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tickingthebox73 · 07/12/2021 17:30

I think if you have been in this situation you understand the OP, if not you are wondering why she is being mean....

Having been in this situation - go sick when there is a meeting on "migraine", miss it "by accident". Take a day off at late notice "childcare issues". Whatever you do don't participate, as its inevitable that you (or rather your name) will be the fall guy hen it all goes tits up.

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IrishMamaMia · 07/12/2021 17:31

I think you've probably become a bit bitter from a bad situation at work but it's not her fault. I'd just send a handover doc with key info , I wouldn't get involved in training her up. Sounds like there isn't time for that.

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GinIronic · 07/12/2021 17:32

You can’t help her even if you wanted to because you didn’t get a chance to develop that part of the role. 🤷‍♀️

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SusieBob · 07/12/2021 17:34

If you are able to help out, you should. Don't burn bridges; you have no idea when or if you might come across these people again. If you sit there refusing to help when you could it will be remembered.

At my old work somebody handed their notice in, refused to do any sort of handover/training etc of a replacement and left everyone in the lurch. Guess who was told where to go when she came back 6 months later asking for her job back.

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Twitterwhooooo · 07/12/2021 17:35

Well, I assume that you have your own work to be doing, so I'd be getting on with that.

Also, as others have said, it's not her fault that your role there didn't work out. It would be reasonable to give her the guidance she needs for a few weeks when you have time around your other duties.

It will be more about directing her about where she will be able to find the information etc that she needs when you've left, I would have thoug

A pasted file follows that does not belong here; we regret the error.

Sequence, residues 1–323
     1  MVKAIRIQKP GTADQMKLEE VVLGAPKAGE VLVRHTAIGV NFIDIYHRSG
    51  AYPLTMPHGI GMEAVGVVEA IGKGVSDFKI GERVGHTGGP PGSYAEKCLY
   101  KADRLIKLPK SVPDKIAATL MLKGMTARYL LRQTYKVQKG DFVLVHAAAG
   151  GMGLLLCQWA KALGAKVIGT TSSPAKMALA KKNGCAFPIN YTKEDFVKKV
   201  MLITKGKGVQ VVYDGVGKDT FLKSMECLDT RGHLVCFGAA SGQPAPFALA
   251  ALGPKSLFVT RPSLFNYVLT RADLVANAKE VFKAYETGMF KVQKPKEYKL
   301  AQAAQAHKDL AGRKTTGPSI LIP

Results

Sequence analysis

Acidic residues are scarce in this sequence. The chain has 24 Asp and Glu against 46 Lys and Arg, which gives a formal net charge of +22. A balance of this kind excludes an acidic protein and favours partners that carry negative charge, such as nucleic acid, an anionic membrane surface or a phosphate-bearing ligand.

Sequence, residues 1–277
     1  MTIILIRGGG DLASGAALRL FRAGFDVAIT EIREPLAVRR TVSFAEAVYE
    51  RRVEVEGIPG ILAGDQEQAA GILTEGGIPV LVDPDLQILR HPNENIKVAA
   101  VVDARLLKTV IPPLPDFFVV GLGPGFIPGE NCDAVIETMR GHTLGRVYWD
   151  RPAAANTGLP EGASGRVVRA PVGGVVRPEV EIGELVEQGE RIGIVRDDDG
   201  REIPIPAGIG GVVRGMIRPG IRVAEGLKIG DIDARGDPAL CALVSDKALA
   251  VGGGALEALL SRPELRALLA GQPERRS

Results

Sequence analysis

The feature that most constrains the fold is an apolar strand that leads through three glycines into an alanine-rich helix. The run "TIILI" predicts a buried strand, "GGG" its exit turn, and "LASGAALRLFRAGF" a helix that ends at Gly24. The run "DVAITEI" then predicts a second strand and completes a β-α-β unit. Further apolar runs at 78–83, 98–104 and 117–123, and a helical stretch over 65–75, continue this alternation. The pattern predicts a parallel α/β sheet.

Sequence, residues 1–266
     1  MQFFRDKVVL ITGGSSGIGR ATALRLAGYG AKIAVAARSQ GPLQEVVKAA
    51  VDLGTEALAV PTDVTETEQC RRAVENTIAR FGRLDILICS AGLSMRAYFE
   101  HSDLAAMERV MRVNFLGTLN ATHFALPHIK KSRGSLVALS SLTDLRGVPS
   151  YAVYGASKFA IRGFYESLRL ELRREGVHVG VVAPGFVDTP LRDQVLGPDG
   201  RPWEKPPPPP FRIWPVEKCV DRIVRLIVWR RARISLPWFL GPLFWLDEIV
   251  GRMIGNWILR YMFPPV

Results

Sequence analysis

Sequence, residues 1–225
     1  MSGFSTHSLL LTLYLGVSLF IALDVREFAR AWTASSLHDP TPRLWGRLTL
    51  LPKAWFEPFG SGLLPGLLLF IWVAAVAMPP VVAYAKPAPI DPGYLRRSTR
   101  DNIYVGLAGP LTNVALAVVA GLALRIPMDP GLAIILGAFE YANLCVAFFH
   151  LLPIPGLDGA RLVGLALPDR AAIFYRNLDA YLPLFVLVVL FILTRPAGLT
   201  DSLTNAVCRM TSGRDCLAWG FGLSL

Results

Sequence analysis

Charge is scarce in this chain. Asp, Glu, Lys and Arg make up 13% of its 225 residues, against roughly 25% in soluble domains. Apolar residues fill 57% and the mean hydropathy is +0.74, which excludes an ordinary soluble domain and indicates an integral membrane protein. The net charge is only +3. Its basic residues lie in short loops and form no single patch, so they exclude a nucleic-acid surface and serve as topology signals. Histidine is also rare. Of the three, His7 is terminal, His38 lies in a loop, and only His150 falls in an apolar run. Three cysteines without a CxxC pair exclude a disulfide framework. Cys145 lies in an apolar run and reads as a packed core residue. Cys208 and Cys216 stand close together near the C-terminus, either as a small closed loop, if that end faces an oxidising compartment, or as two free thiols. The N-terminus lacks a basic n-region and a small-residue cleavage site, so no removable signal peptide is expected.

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inferiorCatSlave · 07/12/2021 17:35

In fact OP in this scenario I’d be wary of helping because anything that goes wrong will be blamed on you. Someone leaving is a good scapegoat.

That would be my concern - especially if it's a small or closely linked field so I'd probably do a mix of BornIn78 replies and pointing in a helfpul resouce/someone else's direction but not getting drawn in.

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TractorAndHeadphones · 07/12/2021 17:37

@tickingthebox73

I think if you have been in this situation you understand the OP, if not you are wondering why she is being mean....

Having been in this situation - go sick when there is a meeting on "migraine", miss it "by accident". Take a day off at late notice "childcare issues". Whatever you do don't participate, as its inevitable that you (or rather your name) will be the fall guy hen it all goes tits up.

I have also seen this a lot!
Very hard to advise as depends on the situation but if someone’s role is given to someone else , even in the same org original personal is easiest to blame for everything.
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StepAwayFromGoogling · 07/12/2021 17:39

Wow. Lots of really nasty, bitchy people on here. The person who is taking over from the OP has nothing - I assume - to do with the OP being 'blocked' previously from what she wanted to do. So rather than go to management and express her frustration, she's going to try to derail the new starter's job. Who has nothing to do with anything. Nice.

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TractorAndHeadphones · 07/12/2021 17:43

@SusieBob

If you are able to help out, you should. Don't burn bridges; you have no idea when or if you might come across these people again. If you sit there refusing to help when you could it will be remembered.

At my old work somebody handed their notice in, refused to do any sort of handover/training etc of a replacement and left everyone in the lurch. Guess who was told where to go when she came back 6 months later asking for her job back.

Well that person certainly burned their bridges! Hence why we’re advising OP to be more subtle.